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Program Flow Charting

A computer program is a set of instructions that tells a computer how to perform a task. Depending upon the language used, program code my be difficult for humans to read and understand. A high-level programming language like Beginners All-Purpose Symbolic Instruction Code (BASIC) was designed to easy to read by humans. Unfortunately, some versions of basic have been built upon to provide way more power than originally intended, making them difficult to understand.

A low-level language like C, was designed to be powerful and efficient, but not so easy to read or understand except by experienced programmers.

High-level programming languages get their ease of understanding by hiding the complexity from the user. Behind the scenes, each high-level language statement, actually calls upon many low-level language statements.

The "lower" a programming language is, the closer it is to the binary 1s and 0s that computers actually use. People who program microprocessors and microcontrollers at the lowest level use assembly language, which is one step above binary. People who design microprocessors and microcontrollers use register transfer code. An example of a register transfer statement is shown below.

Register Transfer Code

This is by no means the most complex register transfer code statement that can be designed.

Like most things, computer programming gets easier the more you do it. But initially it starts off difficult to understand. However, one type of "programming" that is very easy to understand is flow charting. To get an understanding of computer architecture you'll need a least an understanding of flow charting.

Not only is flow charting very easy to understand, it's also very powerful, not only for understanding computer operation, but also in general life problem solving and decision making. So lets take a look at how flow charts work.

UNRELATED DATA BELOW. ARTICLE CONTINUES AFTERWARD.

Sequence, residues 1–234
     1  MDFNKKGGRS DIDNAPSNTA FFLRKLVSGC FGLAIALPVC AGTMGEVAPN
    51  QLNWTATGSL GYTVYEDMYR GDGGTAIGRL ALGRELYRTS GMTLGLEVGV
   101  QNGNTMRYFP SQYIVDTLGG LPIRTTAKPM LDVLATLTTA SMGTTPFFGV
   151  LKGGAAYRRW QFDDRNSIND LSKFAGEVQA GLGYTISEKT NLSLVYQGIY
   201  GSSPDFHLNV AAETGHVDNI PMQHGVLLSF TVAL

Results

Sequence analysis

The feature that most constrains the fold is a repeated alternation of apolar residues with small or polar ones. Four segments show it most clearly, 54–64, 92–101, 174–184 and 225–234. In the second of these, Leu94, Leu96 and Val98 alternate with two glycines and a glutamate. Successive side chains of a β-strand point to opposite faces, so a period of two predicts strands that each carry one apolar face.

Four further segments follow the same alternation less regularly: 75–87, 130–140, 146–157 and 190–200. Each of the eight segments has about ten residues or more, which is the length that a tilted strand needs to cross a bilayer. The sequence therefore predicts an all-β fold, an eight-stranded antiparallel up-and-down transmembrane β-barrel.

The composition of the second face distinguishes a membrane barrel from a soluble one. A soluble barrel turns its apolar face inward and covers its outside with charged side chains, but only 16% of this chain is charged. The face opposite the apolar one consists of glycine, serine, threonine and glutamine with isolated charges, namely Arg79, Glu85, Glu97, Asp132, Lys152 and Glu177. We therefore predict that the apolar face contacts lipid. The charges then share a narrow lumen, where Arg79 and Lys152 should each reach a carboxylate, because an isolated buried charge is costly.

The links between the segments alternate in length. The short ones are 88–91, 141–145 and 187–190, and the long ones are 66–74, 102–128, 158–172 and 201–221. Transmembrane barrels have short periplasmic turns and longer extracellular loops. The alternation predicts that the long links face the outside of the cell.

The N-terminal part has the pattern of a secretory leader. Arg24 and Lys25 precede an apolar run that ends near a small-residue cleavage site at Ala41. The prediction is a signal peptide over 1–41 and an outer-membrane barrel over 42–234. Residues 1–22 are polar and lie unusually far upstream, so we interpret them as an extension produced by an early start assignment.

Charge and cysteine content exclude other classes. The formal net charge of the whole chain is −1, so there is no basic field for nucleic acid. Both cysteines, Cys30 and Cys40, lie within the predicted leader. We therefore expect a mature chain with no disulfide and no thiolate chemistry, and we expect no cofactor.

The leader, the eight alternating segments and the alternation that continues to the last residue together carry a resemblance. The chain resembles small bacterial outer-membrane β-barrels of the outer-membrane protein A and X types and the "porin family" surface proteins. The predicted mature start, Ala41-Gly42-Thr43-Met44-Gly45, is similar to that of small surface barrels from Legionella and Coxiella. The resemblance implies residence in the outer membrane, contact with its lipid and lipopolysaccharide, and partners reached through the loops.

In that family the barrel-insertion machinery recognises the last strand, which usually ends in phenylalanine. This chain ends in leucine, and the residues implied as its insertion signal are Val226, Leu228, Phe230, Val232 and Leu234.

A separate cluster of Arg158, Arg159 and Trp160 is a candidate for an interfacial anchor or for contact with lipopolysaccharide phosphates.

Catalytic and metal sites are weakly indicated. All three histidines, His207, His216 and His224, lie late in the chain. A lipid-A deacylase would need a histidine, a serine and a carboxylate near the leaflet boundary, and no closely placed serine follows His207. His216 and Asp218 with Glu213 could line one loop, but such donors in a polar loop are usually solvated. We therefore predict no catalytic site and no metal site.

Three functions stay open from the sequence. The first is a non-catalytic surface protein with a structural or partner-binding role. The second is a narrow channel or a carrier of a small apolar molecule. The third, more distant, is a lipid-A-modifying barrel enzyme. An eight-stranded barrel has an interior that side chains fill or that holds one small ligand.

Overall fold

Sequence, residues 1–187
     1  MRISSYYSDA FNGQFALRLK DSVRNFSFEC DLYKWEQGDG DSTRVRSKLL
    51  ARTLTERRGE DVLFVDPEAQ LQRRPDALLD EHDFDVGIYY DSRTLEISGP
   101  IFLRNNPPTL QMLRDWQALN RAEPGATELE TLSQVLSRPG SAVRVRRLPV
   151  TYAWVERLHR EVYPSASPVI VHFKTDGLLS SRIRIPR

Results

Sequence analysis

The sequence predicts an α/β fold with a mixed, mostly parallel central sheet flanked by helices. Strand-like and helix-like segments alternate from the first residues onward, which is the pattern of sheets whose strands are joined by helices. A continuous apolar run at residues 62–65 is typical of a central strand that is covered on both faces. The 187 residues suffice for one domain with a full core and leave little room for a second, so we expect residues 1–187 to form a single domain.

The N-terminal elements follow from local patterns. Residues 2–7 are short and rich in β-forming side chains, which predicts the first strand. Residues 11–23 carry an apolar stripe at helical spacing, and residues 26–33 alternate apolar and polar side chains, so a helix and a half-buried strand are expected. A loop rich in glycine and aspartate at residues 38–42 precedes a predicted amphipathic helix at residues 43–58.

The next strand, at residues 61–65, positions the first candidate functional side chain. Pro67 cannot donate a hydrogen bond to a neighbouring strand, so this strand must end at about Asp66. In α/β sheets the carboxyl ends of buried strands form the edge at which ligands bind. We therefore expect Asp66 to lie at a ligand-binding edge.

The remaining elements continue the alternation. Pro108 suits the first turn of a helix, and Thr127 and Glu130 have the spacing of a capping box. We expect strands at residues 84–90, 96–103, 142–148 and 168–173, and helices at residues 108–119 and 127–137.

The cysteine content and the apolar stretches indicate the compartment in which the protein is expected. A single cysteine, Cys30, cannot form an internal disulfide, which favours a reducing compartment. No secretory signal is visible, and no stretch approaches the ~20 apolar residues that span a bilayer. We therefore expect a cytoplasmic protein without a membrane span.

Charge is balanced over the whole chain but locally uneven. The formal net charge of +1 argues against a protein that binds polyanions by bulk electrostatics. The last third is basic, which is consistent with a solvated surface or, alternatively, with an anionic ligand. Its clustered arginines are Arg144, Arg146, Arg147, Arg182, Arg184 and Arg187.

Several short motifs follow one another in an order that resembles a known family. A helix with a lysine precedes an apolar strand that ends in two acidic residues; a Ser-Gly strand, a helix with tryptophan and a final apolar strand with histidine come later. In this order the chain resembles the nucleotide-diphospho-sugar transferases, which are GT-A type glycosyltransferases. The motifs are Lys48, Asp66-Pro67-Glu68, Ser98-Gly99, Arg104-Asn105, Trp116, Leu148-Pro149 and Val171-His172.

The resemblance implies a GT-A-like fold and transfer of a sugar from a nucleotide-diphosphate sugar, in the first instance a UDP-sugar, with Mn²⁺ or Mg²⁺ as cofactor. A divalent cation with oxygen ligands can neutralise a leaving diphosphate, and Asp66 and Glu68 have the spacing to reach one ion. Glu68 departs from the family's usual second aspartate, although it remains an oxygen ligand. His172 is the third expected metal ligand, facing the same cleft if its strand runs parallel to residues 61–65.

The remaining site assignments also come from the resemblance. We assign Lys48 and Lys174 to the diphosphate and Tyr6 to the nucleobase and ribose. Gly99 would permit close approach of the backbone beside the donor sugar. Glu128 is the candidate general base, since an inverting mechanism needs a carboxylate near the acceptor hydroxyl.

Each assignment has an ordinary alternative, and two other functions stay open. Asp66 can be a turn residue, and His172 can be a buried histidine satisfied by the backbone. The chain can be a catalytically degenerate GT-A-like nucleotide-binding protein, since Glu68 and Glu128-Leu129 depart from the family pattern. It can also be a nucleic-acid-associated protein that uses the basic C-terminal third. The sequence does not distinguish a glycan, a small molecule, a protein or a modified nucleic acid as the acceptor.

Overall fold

Flow charting uses four basic shapes as shown below.

Flow chart Shapes

Shown below is the flow chart for a simple sequential program that adds two numbers.

Flow chart for a sequential program

This program has limited use because the inputs are constants and there is no output. The inputs to the program shown below are variables (from an input device like a keyboard), and the result of the program's execution is output (to an output device like a screen).

Input Output Flow Chart

Most programs have to make a decision at some point. In flow charting a diamond is used to show a decision. Shown below is the flow chart for a program that decides weather an item should be purchased or not based upon price. If the price is greater than $10, the item will not be purchased. If the price is $10 or less, the item will be purchased.

Decision flow chart

The flow chart below makes a similar decision as the one above except if the price of the item is greater than $10 it requests a discount. Then another decision diamond is used to test whether the discounted price is greater than $10.

Any time a program changes its sequence of flow based upon a decision box, that's called a branch.

Branch flow chart

The flow chart below makes a similar decision as the one above except it just keeps requesting a discount until the proprietor gives a discounted price of $10 or less. Then the item will be purchased. This type of flow is called a loop.

Loop flow chart

Of course you can see a bug in the program, if the proprietor never gives a discounted price of $10 or less, the program will be stuck in the loop forever. This type of bug is called an infinite loop.

The program below fixes the bug by implementing a loop counter.

Loop ccounter flow chart

Each time a request is made for a discount, this program increments a discount request counter. Before making a request for a discount, the second test diamond checks the request counter. If the request counter indicates less than 10 previous requests for a discount have been made, a request for a discount is made. If 10 previous requests for a discount have been made, the program ends. I think if 10 requests for a discount have been made and the proprietor still refuses to give a discount that brings the price down to $10, its time to give up.

You can see how easy it is to understand and design a program flow chart and how powerful they can be. Flow charts can be useful in general life problem solving and decision making. In fact, flow charts are used to describe many business and manufacturing processes. There are many graphical flow chart design applications.


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